Judicial elections are stupid. There, I said it. Though it may be undemocratic (small 'd') to say this, the general public has no idea what makes a qualified judge. A judicial candidate shouldn't be selected on the same criteria as are regular political candidates -- i.e., I'm for family values, I'm against gun control, etc. In fact, not so long ago, it used to be against several canons of judicial ethics for a candidate to announce publicly his position on an issue. This makes sense -- a judge shouldn't be seen by litigants or the public as having staked out a position before considering the facts and law in a given case.
Additionally, retired SCOTUS Justice O'Connor has weighed in. "There is too much special interest money and influence in state court elections," O'Connor said recently. "It endangers the public's faith in the justice system. If courts are going to stay impartial, leaders in every state need to get moving on reforms." (Thanks to AP article cited below for these quotations)
The better way to select state judges is via merit selection: a committee reviews a slate of candidates and recommends one to the governor, who appoints the judge. After a given period, say two years, the judge is up for retention (not re-election: the only effect of the vote is a decision whether the judge stays or gets the boot). If the public is sufficiently incensed about the judge's performance, he's sent packing, whereupon the governor appoints a replacement and the process continues.
This allows the benefits of judicial elections -- a democratic (again, small 'd') check on the power of the judiciary -- without the costs associated with potentially unqualified by well-funded candidates displacing experienced judges.
Institutional memory is an important asset. It takes a few years for a judge to find his groove and to get familiar with the lay of the land. A judge who has a few years under his belt is far more valuable to the bar and to the public than a newbie.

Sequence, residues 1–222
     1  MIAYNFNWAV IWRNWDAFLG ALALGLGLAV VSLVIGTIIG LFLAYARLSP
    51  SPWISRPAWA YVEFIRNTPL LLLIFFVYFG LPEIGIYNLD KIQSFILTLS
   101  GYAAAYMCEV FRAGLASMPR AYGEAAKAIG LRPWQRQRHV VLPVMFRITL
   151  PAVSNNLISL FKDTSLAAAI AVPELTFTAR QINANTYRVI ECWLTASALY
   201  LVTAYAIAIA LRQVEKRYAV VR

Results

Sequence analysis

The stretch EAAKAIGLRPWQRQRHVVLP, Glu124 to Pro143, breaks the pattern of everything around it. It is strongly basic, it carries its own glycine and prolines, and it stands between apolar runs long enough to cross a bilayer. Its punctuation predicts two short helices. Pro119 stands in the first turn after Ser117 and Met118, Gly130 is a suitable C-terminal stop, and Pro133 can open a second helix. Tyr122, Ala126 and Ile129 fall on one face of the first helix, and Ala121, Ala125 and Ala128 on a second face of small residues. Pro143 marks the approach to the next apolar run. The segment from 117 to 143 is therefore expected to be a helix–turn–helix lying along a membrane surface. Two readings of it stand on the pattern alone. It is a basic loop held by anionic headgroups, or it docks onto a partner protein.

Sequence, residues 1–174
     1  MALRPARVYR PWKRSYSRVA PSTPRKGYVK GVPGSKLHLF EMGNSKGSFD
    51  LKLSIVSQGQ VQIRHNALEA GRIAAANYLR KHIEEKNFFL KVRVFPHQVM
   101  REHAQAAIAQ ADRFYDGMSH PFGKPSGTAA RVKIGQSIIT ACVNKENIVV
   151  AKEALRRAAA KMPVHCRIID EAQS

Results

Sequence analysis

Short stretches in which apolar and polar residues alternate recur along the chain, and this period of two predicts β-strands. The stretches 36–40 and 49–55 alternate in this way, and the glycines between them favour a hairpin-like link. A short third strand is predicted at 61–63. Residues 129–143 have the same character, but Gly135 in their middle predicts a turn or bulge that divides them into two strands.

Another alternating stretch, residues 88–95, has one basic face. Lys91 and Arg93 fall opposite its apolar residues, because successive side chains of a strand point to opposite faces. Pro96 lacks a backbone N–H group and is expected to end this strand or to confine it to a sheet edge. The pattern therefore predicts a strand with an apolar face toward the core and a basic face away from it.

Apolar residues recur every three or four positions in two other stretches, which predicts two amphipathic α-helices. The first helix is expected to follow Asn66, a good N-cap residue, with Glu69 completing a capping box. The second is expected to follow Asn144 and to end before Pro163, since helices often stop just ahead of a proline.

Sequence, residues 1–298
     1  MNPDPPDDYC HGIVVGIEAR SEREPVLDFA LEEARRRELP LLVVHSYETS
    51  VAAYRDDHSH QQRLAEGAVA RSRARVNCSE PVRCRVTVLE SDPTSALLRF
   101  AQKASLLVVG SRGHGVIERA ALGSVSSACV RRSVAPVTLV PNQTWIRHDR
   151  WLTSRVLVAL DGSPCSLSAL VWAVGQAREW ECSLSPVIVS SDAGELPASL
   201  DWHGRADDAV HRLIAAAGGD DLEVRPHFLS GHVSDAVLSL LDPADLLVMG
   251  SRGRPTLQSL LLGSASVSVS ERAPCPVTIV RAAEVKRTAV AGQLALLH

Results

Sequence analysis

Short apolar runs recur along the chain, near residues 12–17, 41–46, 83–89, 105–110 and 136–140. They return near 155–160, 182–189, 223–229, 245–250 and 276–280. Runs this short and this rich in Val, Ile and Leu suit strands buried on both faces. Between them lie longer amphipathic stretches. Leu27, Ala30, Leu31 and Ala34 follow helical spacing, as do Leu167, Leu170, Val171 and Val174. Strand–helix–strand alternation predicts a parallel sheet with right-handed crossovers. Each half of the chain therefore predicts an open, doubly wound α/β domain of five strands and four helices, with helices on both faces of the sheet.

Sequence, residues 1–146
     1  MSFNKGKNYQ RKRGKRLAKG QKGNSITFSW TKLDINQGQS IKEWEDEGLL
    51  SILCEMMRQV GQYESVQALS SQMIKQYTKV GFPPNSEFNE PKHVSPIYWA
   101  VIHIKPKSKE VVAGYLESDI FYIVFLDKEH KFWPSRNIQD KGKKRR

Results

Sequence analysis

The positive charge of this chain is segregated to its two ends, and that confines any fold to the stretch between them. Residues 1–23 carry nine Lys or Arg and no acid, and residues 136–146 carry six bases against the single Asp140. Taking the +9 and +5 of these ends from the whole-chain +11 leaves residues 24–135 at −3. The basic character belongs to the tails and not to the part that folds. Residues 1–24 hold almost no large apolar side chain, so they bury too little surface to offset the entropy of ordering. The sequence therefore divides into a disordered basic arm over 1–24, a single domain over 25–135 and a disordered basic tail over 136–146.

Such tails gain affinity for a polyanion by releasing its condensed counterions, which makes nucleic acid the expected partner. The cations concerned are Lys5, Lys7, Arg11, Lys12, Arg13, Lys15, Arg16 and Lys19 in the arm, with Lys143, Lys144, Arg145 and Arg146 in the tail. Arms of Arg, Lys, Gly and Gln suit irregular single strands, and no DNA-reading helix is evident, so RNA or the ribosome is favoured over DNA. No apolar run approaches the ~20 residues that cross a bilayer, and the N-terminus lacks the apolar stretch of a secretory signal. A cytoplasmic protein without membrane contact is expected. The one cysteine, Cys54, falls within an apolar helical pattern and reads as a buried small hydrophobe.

Update: SCOTUS will hear a case dealing with judicial ethics and tangentially involving judicial campaign financing. It seems that a certain West Virginia Supreme Court justice declined to recuse himself from a case in which a $50m verdict against his largest campaign donor was overturned. Really, though, what's $50 million among friends? Read more about the case, Caperton v. Massey, here and here.
When SCOTUS does hear the case, it will be interesting to hear what Justice Scalia has to say about it; you'll recall that in 2004, he faced quite a bit of criticism when he failed to recuse himself from a case in which VPOTUS Cheney's energy policy was the issue. A few weeks before argument (might have the timing wrong; it might have been months), he went duck hunting and fishing with Cheney at a private hunting camp. Sure, he didn't share the same duck blind with Cheney, but what about the fishing boat?
Oh, by the way, speaking of Scalia, this just in: it seems he spent this past weekend hunting with the author of an amicus brief in the huge Pharma case, Wyeth v. Levine (summary here), which was argued today. Um, wow. That's about all that can be said.
And another update: NYT has this article about some of the late Chief Justice Rehnquist's papers. Interesting stuff; the reason I include it in this post is because of the discussion on judicial ethics and recusal. Rehnquist faced stiff criticism for failing to recuse from a case early in his tenure as Associate Justice, then seemingly reversed course and recused himself from the consideration of US v. Nixon (yes, that one).
The attack on merit selection for judges. - By Bert Brandenburg - Slate Magazine